Three S.Korean firms imported N.Korean coal in breach of sanctions

This file photo taken on November 21, 2017 shows a general view of North Korean coal piled up on a dockside at the port in Rason. (AFP)
Updated 10 August 2018
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Three S.Korean firms imported N.Korean coal in breach of sanctions

  • Three South Korean firms imported coal from North Korea disguised as Russian products in violation of UN resolutions
  • The customs service did not identify the companies involved, but said about 35,000 tons of coal was brought into South Korea

SEOUL: Three South Korean firms imported coal from North Korea disguised as Russian products in violation of UN resolutions in a fresh sign of loosening sanctions, South Korea’s customs agency said on Friday.
Seoul has been examining nine cases of potential imports of North Korean coal, which would breach a resolution passed last August by the UN Security Council to choke off funding for Pyongyang’s nuclear and ballistic missile programs.
The customs service did not identify the companies involved, but said about 35,000 tons of coal was brought into South Korea between April and October in 2017, worth 6.6 billion won ($5.8 million).
“The firms appear to have illicitly brought it in expecting big trading margins after prices of North Korean coal had dropped due to the import ban,” Roh Suk-hwan, deputy commissioner of the Korea Customs Service, told a news conference.
The agency said it would press charges against the firms and individuals involved for violating the customs law and forgery of private documents.
The government also plans to explore an entry ban or seizure of the 14 ships found to have transported the coal, the agency said.
But there was no financial transaction made, which would constitute another violation of the UN sanctions, as the companies took coal in return for mediating trade between North Korea and Russia, Roh said.
The UN Security Council banned North Korea’s sale of coal, iron, iron ore, lead, lead ore and seafood in a bid to slash by a third the country’s $3 billion annual export incomes, while capping imports of crude oil and refined petroleum products.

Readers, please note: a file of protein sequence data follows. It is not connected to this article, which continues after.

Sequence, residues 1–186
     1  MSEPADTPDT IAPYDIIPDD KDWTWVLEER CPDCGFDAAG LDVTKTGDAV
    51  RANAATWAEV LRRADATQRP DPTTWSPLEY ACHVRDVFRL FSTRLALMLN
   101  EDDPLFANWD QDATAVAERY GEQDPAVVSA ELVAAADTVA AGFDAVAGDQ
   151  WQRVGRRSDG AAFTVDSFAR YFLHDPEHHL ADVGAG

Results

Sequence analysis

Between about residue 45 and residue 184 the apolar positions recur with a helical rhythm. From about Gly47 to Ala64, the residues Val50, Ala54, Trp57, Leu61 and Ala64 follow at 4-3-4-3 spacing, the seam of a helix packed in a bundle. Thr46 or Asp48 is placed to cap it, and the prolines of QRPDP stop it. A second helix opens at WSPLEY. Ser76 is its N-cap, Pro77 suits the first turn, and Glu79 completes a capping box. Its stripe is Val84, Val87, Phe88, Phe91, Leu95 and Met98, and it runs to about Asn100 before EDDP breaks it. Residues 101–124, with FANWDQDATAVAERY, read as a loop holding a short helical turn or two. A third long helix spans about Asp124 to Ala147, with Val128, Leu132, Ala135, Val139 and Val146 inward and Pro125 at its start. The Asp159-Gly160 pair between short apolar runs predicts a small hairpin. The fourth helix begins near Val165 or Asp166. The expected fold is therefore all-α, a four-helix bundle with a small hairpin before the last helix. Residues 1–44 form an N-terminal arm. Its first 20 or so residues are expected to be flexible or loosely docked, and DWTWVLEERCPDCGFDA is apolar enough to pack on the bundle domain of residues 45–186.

The United States has led the sanctions campaign to press North Korea to give up its nuclear and missile programs.
But across the region, there have been signs that US President Donald Trump’s campaign for “maximum pressure” lost steam after Pyongyang sought to improve relations with Washington, Seoul and Beijing.
North Korean officials have toured China to discuss economic development and speculators are snapping up property along their common border. And South Korea is studying ways to boost engagement with the North.
Last month, Washington warned against loosening sanctions on Pyongyang after Russia and China suggested discussing such a move.


World’s biggest sovereign fund worried about trade wars

Updated 54 min 39 sec ago
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World’s biggest sovereign fund worried about trade wars

  • The fund posted a positive return of 1.8 percent, or 167 billion kroner ($19.8 billion), in the second quarter
  • Markets are worried about a trade dispute between the United States and China

OSLO: The managers of Norway’s sovereign wealth fund, the world’s biggest, expressed concern Tuesday about global trade tensions, which could heavily impact its value.
The fund posted a positive return of 1.8 percent, or 167 billion kroner ($19.8 billion), in the second quarter, helping erase a loss of 171 billion kroner in January-March that was attributed to a volatile stock market.
The Government Pension Fund Global, which saw its total value swell to 8.33 trillion kroner by the end of June, manages the country’s oil revenues in order to finance Norway’s generous welfare state when its oil and gas wells run dry.
But Norway’s central bank, which runs the fund, said geopolitical and trade tensions presented a risk.
“It’s fair to say that increased trade barriers or even trade wars will not be beneficial for the fund as a long-term global investor,” Trond Grande, the deputy chief of Norges Bank Investment Management, told reporters.
Markets are worried about a trade dispute between the United States and China. Accusing Beijing of unfair competition, the US administration is considering slapping a new round of levies worth $200 billion on Chinese goods.
Talks between the two slated for Wednesday and Thursday aimed at resolving the dispute have however eased concerns somewhat.
Following US-Turkey tensions that sent the Turkish lira and the Istanbul stock market tumbling, the Norwegian fund said its assets there were worth less than the 23 billion kroner they were at the beginning of the year.
“We’ve seen the market rise for a long time, that there are different political and geopolitical events in the world that can affect the market, and we have to be prepared for the fact that (the value of) the fund can go down a lot,” Grande concluded.
The fund’s strong second quarter was attributed primarily to its share portfolio, which accounts for 66.8 percent of its investments and which rose by 2.7 percent.
Real estate holdings, which account for 2.6 percent of its holdings, rose by 1.9 percent, while bond investments, which represent 30.6 percent, remained flat.
Faced with falling oil revenues in recent years, the Norwegian government has been tapping the fund to finance public spending since 2015. But with oil prices recovering, the fund registered its first inflow in three years in June.